Collegiate Director’s Letter

I hope March is going well for you!

One of the things I have been looking forward to most this March has been Congressional Visits Days, which I will write more about in my April All Together letter. We are also right in the middle of region conference season—have you attended your region’s conference yet? I had a great time at Region G’s conference a few weeks ago, where I got to attend some interesting sessions and connect with some new SWEsters, and I am also excited to be attending the Region F conference in a few weeks.

If you have already been to your region’s conference, you may have noticed that this year’s State of SWE included some discussion of the SWE values. I don’t think the SWE values are something that we generally spend a lot of time thinking about, so I wanted to spend some time reflecting on what the SWE values mean and why they matter. For those who don’t know, SWE has five values: professional excellence, inclusive environment, integrity, mutual support and trust. In a collegiate context, SWE exists among dozens or hundreds of other clubs and social organizations that are often seen as our competitors. But SWE is a professional organization, not just a social group, and we exist in a larger context than just our campus environment. What we do in our SWE sections reflects on our school, the Society and the engineering profession. This means that when we plan SWE events we have to think about how they will be perceived by outsiders.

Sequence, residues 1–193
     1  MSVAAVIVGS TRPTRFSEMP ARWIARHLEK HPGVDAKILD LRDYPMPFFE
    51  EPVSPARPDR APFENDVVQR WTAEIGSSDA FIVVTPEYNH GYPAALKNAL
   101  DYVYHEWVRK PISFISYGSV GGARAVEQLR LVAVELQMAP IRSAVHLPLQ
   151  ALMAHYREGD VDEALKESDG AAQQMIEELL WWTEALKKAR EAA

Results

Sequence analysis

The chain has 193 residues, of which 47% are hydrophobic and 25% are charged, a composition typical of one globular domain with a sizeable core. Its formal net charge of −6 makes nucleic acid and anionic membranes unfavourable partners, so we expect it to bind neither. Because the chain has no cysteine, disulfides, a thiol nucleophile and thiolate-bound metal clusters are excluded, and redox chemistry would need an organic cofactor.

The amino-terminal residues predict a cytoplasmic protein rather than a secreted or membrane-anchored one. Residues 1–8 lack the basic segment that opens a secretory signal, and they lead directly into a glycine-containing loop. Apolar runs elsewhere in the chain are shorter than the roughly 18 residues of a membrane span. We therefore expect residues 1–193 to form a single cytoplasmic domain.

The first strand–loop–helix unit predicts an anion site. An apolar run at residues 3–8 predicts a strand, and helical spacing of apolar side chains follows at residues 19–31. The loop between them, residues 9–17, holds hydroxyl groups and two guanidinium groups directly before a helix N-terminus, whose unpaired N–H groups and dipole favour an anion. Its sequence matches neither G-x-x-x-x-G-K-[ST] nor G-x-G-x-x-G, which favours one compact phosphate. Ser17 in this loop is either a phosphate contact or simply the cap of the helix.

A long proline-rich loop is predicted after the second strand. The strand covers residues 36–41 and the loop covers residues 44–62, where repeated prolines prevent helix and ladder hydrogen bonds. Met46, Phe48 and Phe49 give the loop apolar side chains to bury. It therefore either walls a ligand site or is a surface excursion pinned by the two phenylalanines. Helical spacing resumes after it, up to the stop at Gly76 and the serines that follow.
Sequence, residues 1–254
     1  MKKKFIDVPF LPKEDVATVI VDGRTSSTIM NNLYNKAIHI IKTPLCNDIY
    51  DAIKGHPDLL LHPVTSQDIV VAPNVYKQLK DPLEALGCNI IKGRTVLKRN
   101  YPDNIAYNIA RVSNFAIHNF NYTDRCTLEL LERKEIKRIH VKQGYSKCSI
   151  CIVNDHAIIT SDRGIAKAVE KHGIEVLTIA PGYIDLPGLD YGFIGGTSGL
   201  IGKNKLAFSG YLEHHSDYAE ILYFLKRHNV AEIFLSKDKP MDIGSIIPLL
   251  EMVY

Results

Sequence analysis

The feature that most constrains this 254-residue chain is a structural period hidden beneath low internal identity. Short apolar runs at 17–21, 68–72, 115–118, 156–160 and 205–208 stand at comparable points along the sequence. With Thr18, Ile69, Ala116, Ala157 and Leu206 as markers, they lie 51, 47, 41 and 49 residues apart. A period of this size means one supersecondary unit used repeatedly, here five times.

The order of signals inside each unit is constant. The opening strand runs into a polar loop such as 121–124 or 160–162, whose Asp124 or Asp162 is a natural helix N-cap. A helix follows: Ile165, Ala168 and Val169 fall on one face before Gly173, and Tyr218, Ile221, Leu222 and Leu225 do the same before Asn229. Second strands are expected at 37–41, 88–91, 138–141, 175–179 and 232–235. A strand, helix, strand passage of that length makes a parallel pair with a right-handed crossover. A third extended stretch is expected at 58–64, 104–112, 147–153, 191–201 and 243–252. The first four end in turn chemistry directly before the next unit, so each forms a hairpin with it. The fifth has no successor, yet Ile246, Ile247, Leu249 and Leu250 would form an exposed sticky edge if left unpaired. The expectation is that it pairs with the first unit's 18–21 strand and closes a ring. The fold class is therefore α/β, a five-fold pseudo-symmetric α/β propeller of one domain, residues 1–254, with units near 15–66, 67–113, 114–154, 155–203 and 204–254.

Consider the ‘Mr. Engineer’ pageants that are held at some collegiate sections. Many of these events are competitions meant as fun fundraisers for SWE sections, but have received criticism from sponsors and recruiters. If you are a sponsor or recruiter looking in from the outside, the idea of a ‘Mr. Engineer’ pageant doesn’t necessarily sound inclusive or professional at first glance. Think about the kind of criticism a company would receive for holding an event like this and you can see why sponsors and recruiters may have a negative reaction to this sort of event, even if it wasn’t intended to be offensive. I wrote last month about needing the support of the majority to help move women and minorities forward—this is where SWE’s mutual support value ties in.

As a professional society, we do have to think about the larger implications and perspectives on events that we hold, but that doesn’t mean we can’t still have fun. It’s all about achieving a balance. If your board works hard all year, it’s okay to take them out for ice cream to celebrate their achievements. Social events can be a good way to relax, meet new people and build up a support network. But if social events are all we do we’re not really serving our role as a professional society. Conversely, professional development is important, but if all we did was host professional development events we may not be seen as a fun or inviting group, and without that we may not be able to recruit members who are able to provide professional development. With all the roles SWE serves for us, sometimes it can be hard to strike a balance. When we do, it is very rewarding to be able to experience professional growth and support in the inclusive environment that is SWE.

As always, let me know if you have any questions, comments or ideas at

Ellen McIsaac

Ellen McIsaac
FY14 Collegiate Director

Letter from the All Together SWE Newsletter


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